A Brief Description Of The Sole Proprietorship

A sole proprietorship is the business or an individual who has decided not to carry his business as a separate legal entity, such as a corporation, partnership or limited liability company. The proprietorship business type is not a separate entity. Any time a person regularly provides services for a fee, sells things at a flea market or engage in any business activity whose primary purpose is to make a profit, that person is a sole proprietor.

If they carry on business activity to make profit or income, the IRS requires that you file a separate Schedule C “Profit or Loss From a Business” with your annual individual income tax return. Schedule C summarizes your income and expenses from your sole proprietorship business activity.

As the sole proprietor of a business, you have unlimited liability, meaning that if your business can’t pay all it is liable for, the creditors to whom your business owes money can come after your personal assets. Many part-time entrepreneurs may not know this, but it’s an enormous financial risk. If they are sued or can’t pay their bills, they are personally liable for the business incurred expenses and liabilities.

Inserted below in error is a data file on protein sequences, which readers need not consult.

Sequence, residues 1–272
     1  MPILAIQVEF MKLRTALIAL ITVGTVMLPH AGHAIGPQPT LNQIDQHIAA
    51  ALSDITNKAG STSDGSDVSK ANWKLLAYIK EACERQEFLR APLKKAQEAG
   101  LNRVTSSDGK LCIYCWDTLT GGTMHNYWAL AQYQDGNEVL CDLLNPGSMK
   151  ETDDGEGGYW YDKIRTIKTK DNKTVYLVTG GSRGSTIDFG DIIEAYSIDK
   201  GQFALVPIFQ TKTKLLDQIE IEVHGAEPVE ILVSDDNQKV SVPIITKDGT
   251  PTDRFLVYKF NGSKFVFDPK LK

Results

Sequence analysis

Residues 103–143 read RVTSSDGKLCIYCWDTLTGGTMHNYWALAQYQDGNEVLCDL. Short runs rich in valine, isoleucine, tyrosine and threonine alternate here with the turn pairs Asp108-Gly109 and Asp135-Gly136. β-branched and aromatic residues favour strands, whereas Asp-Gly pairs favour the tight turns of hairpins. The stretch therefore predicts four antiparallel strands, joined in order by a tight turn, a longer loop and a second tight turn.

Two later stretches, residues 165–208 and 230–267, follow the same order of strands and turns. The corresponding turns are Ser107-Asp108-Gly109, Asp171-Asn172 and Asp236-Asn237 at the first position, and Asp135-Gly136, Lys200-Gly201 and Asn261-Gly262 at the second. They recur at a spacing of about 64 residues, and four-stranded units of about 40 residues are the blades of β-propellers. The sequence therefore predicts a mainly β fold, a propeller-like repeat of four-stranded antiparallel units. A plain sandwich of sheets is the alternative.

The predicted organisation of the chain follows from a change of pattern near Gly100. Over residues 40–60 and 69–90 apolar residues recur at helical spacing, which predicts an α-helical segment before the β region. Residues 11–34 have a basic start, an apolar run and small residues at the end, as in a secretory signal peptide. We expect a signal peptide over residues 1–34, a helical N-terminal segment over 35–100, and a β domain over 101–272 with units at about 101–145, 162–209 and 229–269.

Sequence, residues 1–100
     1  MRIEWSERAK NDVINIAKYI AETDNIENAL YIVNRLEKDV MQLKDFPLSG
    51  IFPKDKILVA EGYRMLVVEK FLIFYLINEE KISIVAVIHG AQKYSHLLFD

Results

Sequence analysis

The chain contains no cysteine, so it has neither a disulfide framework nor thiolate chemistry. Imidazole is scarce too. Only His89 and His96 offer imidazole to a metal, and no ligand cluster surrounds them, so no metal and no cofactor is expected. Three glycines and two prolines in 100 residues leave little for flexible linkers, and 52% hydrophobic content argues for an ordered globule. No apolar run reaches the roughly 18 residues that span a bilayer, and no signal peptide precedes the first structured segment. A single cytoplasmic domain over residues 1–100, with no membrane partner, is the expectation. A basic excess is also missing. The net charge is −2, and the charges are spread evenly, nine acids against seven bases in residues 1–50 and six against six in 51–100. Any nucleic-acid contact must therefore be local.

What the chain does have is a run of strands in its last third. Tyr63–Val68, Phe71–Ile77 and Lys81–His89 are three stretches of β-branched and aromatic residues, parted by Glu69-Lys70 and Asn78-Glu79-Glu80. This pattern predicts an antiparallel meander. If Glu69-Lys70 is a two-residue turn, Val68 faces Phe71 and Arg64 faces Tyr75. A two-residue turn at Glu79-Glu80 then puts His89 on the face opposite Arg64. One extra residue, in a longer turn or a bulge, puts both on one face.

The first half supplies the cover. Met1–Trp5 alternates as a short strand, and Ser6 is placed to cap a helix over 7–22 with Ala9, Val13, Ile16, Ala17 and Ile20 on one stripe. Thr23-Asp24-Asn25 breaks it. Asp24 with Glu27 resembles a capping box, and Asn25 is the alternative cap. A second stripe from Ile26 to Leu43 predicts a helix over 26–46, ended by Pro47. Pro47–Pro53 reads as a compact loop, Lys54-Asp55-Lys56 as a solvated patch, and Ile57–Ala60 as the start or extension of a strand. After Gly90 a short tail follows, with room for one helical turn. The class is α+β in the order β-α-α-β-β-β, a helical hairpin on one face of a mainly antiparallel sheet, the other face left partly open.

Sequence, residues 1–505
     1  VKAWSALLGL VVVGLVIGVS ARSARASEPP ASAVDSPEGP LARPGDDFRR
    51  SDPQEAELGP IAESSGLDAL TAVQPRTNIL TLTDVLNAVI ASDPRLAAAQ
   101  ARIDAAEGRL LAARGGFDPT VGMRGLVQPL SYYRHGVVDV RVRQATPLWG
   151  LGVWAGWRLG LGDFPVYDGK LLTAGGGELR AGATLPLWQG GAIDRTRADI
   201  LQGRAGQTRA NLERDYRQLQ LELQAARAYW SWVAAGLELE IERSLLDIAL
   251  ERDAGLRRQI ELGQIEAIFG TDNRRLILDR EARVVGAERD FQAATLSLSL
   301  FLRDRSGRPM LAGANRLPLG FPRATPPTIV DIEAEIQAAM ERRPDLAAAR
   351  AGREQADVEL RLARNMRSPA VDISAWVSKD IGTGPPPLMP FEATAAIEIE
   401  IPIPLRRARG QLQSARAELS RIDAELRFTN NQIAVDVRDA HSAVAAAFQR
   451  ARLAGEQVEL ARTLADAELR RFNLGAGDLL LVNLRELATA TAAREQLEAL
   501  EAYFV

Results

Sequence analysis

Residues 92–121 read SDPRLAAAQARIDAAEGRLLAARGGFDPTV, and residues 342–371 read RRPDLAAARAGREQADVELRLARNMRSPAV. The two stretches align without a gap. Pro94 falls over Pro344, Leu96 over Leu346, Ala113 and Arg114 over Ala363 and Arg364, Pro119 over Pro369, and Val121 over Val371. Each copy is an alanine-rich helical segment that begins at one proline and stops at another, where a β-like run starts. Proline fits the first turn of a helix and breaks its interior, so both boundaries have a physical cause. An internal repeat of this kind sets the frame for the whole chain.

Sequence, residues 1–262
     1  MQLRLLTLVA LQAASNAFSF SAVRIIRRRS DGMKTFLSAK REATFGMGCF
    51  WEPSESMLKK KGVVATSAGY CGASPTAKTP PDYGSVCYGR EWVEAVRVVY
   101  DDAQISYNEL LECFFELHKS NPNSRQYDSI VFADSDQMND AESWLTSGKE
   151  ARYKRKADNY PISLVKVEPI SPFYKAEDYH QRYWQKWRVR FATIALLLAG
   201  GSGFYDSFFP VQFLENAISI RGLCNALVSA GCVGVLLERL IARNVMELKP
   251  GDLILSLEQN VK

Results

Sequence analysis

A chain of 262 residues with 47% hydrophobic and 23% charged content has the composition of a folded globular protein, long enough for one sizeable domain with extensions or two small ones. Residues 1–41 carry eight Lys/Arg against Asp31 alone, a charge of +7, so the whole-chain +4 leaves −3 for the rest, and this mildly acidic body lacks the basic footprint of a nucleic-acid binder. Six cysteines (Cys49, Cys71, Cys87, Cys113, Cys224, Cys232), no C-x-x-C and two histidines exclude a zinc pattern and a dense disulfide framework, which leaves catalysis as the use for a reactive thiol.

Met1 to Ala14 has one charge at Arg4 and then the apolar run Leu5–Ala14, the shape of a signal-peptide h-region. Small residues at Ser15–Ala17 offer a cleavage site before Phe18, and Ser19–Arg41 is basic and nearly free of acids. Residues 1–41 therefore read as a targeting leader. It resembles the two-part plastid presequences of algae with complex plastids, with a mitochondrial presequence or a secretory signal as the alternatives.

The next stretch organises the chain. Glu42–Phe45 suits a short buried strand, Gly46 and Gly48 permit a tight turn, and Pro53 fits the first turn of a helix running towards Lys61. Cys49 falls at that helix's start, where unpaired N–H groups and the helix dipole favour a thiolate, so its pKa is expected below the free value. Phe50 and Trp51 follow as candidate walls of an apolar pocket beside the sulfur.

A sole proprietorship has no other owners to prepare financial statements for, but the proprietor should still prepare these statements in order to keep abreast of how his business is doing. Banks usually require financial statements from sole proprietors who apply for loans. And a partnership needs to maintain a separate capital or ownership account for each of the partners.

The total profit of the firm is allocated into these capital accounts, as spelled out in the partnership agreement. Although sole proprietors don’t have separate invested capital from retained earnings like corporations do, they still need to keep these two separate accounts for owners’ equity – not only to track the business, but for the benefit of any future buyers of the business.

The question you should ask yourself when planning to start a business of your own is, which business type affords me the most protection under the law? And the answer to this question is most assuredly the general corporation; but along with the protection it provides to you the business person (or CEO) comes the added responsibility of adherence to the law as well as your obligation to stock holders, if any. The decision could be an interesting one that may take some time to make.